For three years, Robyn worked hard to get back on her feet. She secured a job in road construction and attended church and Bible study. And she even regained custody of her children just one year after her release.
One day as they worked on the highway, a co-worker casually said, "This would be a lot more fun if we went and got high."
That suggestion was all it took.
"I left the job site, got a needle, and it was like I had never quit," she says.
A WEIGHT LIFTED: 'I'M DONE'
Robyn was back in the grip of addiction. Her children, now teenagers, bore the brunt of her drug use and her return to abusive relationships.
"The kids were a mess," she says. "They spent a lot of time with friends and living on the street."
Seven years into her relapse, Robyn was caught driving without a license and was put on probation. Her probation officer noticed her bruised body and could tell she was using drugs. The officer could have easily put Robyn back behind bars. Instead, she showed Robyn compassion by helping Robyn leave her abusive partner and check into a residential treatment center.
"I used drugs all the way up there, did drugs in the parking lot," Robyn admits. "But as soon as I walked through the door, a weight lifted off of me, and I thought, 'I'm done.'"
The officer could have easily put Robyn back behind bars. Instead, she showed Robyn compassion.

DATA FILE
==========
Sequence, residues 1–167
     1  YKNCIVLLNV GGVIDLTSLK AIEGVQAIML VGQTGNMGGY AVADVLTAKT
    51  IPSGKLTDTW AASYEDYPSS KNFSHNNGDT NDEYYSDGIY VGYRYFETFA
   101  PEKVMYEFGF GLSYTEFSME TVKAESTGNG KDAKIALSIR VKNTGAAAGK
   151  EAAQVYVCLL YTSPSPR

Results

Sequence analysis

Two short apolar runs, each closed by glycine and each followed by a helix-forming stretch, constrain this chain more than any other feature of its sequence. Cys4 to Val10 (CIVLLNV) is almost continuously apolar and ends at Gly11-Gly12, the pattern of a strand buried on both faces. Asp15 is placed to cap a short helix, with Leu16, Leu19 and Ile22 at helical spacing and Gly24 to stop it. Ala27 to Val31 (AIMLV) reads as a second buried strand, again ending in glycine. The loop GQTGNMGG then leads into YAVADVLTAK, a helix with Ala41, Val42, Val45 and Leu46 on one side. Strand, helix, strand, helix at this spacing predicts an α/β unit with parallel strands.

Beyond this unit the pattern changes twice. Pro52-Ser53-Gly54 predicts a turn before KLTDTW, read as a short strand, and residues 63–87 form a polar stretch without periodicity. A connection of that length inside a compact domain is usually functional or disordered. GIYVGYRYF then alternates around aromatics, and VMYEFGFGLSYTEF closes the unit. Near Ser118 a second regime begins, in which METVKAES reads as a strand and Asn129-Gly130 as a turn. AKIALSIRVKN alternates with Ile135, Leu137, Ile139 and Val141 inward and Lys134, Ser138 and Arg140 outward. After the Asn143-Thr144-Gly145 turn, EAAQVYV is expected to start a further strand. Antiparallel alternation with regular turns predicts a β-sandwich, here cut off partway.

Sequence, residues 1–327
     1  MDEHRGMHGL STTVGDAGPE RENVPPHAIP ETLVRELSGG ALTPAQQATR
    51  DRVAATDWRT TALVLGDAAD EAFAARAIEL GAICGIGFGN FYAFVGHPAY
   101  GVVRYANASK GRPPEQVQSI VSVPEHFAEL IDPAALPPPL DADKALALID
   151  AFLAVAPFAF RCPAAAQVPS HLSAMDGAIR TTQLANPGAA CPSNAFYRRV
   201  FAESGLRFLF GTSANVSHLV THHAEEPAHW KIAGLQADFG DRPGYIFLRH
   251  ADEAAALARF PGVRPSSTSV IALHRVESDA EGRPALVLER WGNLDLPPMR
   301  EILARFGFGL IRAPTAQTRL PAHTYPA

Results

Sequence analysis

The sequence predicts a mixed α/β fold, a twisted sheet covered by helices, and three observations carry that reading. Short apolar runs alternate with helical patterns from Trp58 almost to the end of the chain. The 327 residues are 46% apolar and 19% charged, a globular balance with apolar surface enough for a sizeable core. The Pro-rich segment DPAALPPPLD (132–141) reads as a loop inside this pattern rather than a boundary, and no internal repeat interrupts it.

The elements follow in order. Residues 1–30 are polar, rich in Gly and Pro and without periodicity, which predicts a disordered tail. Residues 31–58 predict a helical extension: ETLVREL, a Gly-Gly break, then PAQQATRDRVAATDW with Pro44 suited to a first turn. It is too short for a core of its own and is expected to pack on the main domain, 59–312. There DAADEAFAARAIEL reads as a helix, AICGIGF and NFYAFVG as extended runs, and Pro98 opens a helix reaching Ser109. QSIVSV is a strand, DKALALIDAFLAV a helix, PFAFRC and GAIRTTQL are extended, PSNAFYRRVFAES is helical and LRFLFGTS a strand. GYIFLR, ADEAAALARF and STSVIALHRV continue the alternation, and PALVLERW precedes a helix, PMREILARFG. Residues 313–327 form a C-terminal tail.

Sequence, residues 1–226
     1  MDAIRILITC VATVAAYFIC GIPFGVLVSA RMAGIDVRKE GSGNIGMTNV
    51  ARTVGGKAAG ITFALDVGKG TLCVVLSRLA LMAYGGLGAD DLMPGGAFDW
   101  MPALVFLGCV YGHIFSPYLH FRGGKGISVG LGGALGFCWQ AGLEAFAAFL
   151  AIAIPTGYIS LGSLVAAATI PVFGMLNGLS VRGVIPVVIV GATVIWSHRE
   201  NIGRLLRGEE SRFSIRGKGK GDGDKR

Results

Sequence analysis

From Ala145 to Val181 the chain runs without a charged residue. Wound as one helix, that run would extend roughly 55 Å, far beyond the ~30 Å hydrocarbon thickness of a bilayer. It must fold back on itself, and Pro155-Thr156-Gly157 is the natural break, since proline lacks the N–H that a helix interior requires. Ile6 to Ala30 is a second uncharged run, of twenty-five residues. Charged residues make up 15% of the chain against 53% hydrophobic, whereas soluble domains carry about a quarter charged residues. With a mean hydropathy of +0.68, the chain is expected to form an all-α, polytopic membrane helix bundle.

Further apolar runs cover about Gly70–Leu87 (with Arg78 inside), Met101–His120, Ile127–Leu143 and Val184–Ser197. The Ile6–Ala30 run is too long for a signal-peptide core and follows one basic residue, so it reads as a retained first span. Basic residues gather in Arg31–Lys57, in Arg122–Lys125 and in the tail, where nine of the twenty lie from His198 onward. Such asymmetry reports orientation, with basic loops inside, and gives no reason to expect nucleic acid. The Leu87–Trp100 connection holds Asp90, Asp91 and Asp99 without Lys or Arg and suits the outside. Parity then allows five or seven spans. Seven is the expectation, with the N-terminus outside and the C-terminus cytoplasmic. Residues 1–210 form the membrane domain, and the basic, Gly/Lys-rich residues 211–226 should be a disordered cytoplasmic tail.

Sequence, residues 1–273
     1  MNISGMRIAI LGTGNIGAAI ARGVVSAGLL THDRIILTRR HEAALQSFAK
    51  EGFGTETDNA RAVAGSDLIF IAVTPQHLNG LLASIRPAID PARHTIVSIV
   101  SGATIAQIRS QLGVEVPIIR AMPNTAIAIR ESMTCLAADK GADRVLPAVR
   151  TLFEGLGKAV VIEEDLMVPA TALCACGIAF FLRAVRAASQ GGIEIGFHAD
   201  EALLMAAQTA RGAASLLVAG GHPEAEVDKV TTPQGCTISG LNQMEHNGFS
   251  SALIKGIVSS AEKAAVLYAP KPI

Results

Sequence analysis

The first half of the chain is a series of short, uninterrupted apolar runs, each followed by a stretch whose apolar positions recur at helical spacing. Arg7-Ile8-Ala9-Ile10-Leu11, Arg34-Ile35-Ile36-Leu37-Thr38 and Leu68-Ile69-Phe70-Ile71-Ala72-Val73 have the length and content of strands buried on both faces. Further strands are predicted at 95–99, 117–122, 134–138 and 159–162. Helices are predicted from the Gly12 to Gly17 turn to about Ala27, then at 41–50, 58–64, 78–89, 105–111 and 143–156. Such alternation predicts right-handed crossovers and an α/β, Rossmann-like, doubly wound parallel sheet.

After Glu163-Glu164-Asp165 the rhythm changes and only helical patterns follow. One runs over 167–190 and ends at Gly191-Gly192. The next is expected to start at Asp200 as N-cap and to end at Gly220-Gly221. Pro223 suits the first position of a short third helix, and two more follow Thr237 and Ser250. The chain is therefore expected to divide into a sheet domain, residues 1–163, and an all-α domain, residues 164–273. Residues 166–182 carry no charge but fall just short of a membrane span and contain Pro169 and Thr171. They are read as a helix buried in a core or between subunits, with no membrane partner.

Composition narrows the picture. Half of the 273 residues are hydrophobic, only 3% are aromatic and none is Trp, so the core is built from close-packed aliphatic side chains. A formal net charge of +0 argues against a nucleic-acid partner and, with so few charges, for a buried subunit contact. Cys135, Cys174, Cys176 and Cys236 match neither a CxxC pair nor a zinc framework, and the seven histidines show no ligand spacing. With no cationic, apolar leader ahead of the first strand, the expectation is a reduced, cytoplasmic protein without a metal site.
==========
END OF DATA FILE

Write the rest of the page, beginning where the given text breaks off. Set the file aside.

THE NEED FOR RECOVERY-FOCUSED COMMUNITY
"I had a lot of guilt that I could go back [to using drugs] that quick," she says. "But if we don't stay connected to a sober group of people and our mind is not transformed, that's what can happen."
Robyn spent three months in rehab and then went to live in a sober home, a transitional post-rehab living environment. She has now been clean for two years. She has a steady job, and her relationships with her children have been restored. Thankfully, her adult daughter is even willing to let Robyn live with her.
"I still don't have a place of my own because of my past," Robyn says. "I have been out 12 years, and it still haunts me. But God is so faithful, and restoration is true. It really has been amazing."
'I had a lot of guilt that I could go back [to using drugs] that quick. But if we don't stay connected to a sober group of people and our mind is not transformed, that's what can happen.'
Robyn attests that there is one thing she absolutely loves: volunteering with the homeless. In particular, she has a heart to see people delivered from drug abuse. Just as she was given a second chance to turn her life around, Robyn is eager for others to experience the same.
"I hope to help pull people out of that dungeon of addiction," she says.
Recently, Robyn served with Angel Tree as a volunteer. Her job was to call those caring for children with an incarcerated parent to arrange for gift delivery.
"Volunteering for Angel Tree gave me an opportunity for me to share … how it makes people in prison feel to be able to give something," she says. "I was able to pray with people for sickness and in their brokenness over the missing family member that wasn't there. I love being able to give back in all the places, in my addiction, that I took from."
God is at work in this broken world—it's undeniable. But sometimes deliverance isn't once-and-done, and sometimes our journeys are unspeakably painful and complicated. Yet Robyn is full of hope as she looks forward to the many chapters of her story that are yet to be written.
Just as she was given a second chance to turn her life around, Robyn is eager for others to experience the same.